On 17 April, a group of researchers from Washington State University published an article in Nature Communications about a massive breakthrough on a highly effective, reversible, and non-hormonal male contraceptive. So, is the time for men to take the pill just around the corner?
Dr Mariana Ianello Giassetti and her colleagues, the group responsible for this breakthrough, found a gene in the testes of male mice, pigs, cattle, and humans, called ARRDC5, which plays a crucial role in the creation of sperm. It was discovered that when this gene is put to sleep, the sperm count drops, the speed at which they swim slows down and most sperm are deformed. This results in a quick and easy sterilisation. However, the clincher is that once the gene is no longer suppressed, sperm production returns to normal. In fact, this discovery is so potentially revolutionary that it has already been patented for further testing.
But surely, many readers must now be thinking, “About time”. Before we examine the wider impact this discovery might have, let us look at the history of male contraceptives to determine why it is only now being pushed to the forefront.
Back in 1974, the topic of male contraceptives was a talking point at the UN World Population Conference. According to an article originally published in Mosaic, Dr Elsimar Coutinho was testing a potential male contraceptive called gossypol at the Federal University of Bahia. He would present his proposal and findings to the 1400 delegates at the conference. But much to his own surprise, most of the women in attendance rejected his proposal. The reasoning was that women had overseen their own fertility matters for nearly a decade and did not see the need to relinquish that control to men.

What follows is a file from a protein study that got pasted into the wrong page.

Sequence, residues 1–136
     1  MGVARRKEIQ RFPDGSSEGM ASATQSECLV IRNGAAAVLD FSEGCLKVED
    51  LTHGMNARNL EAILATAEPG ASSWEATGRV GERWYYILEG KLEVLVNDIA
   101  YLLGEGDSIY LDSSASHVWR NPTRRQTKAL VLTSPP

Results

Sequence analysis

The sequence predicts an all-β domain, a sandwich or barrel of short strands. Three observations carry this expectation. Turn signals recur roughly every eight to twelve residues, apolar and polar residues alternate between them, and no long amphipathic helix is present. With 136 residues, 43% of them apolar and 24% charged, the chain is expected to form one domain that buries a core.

Dr Coutinho then decided to pursue further research and support in the developing world and found sponsors in China. Once the trial results returned and showed that large numbers of men could no longer retain their sperm count due to tissue damage caused by the drug, the idea of the male contraceptive was pushed far back. With this risky history, it would be easy to bemoan the need for the male contraceptives, but some other facts need to be taken into account as well.
According to the National Institutes of Health, nearly half of all pregnancies are accidental. This mainly boils down to ineffective hormonal contraceptives for women, both sexes’ unwillingness to undergo invasive operations, and the discomfort and inconvenience caused by other options such as IUDs and condoms. The need for an on-demand, safe and unintrusive contraceptive has always been the top priority. But for the longest time contraception was mostly focused toward women because of the challenges that come with male contraceptives. This is due to the high rate at which men produce sperm – nearly a thousand every second – and the need to stop every single one of them from fertilising a single egg. Yet, that is where the research being conducted by Dr Giassetti and her colleagues comes into play.
If the ARRDC5 gene is the missing ingredient to the contraceptive puzzle, then hormone contraceptives, with all their health risks and side effects, can finally be discarded. And the ridiculous prices pharmaceutical companies put on their hundreds of different products can be curbed. All of this and a safer sex future has possibly been found simply by looking around a mouse’s sack.